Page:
1. I understand but have questions about…

    before moving forward.

    1. I need help understanding…

    2. I do not understand and request a conference about…

    3. This concept is challenging and I think I may need a tutor.

    • Observe students’ performance on the Wrap It Up Activity (S-4-2-1_Wrap it Up Activity and KEY.doc) and collect and assess it. The information each student presents will show you whether the student understands the concept of adaptations.

Suggested Instructional Supports

  • View
    Scaffolding, Explicit Instruction
    W

    Explain to students that in this unit they will be engaged in several activities and evaluated on the similarities and differences of plants, animals, and human adaptations; how adaptations help students live in different climates and environments; and how plants and animals would be affected if they did not have the ability to adapt.

    H:

    Students will be engaged as they do a “Where’s Waldo?” activity, which will introduce the concept of adaptations in the form of camouflage.

    E:

    Students will learn about adaptations of a fellow student to see how humans are adapted, and they will also learn about familiar animals’ adaptations.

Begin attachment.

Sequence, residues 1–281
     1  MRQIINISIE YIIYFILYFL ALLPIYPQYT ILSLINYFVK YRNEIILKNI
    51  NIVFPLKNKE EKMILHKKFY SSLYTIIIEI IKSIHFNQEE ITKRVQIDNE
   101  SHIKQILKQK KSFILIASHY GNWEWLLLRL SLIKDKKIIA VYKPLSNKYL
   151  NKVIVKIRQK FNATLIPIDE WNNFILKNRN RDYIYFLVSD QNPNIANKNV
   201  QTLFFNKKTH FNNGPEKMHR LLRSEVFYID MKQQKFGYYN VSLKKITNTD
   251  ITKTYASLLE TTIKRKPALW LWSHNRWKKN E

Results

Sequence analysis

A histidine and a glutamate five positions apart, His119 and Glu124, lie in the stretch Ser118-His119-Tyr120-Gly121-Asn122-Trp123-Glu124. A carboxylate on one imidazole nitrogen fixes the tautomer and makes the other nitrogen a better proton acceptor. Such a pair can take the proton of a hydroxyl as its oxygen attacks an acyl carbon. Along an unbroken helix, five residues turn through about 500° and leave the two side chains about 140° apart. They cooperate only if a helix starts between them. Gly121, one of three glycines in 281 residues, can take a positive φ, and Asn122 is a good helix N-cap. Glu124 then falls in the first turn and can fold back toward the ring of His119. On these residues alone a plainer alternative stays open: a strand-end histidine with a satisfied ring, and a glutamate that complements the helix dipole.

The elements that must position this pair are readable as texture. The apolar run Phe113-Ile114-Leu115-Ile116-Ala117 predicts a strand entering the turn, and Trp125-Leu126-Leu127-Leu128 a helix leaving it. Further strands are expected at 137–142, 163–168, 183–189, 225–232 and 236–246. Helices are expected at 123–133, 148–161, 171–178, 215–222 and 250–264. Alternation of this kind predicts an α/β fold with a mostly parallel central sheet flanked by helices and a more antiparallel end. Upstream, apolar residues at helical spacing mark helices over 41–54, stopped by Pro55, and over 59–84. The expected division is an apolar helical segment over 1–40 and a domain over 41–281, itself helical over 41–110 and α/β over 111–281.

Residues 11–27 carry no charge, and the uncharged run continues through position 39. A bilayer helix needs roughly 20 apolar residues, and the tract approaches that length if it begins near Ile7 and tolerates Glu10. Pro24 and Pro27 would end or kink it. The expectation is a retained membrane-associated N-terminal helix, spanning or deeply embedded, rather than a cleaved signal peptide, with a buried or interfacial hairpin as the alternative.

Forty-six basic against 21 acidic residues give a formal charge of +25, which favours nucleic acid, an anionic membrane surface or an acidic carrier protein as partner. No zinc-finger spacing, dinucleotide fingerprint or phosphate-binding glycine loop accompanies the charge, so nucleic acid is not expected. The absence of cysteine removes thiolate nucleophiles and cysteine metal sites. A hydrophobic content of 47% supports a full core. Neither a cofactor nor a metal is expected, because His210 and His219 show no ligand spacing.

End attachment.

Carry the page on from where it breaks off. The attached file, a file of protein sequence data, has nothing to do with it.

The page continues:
R:

    This activity causes students to reflect on the pictures they’ve seen as well as use the notes section of their notebook to make revisions and add additional information.

    E:

    Have students list questions they might have pertaining to the concepts from the lesson, then exchange their notebooks with three students. Each student responds to the original student’s questions. After three students respond, students take the opportunity to use that information to continue guiding their learning.

    T:

    Monitor the progress of students and provide additional support such as flash cards, books, pictures, definitions, graphic organizers, technology, and conferences to meet the need of all learners.

    O: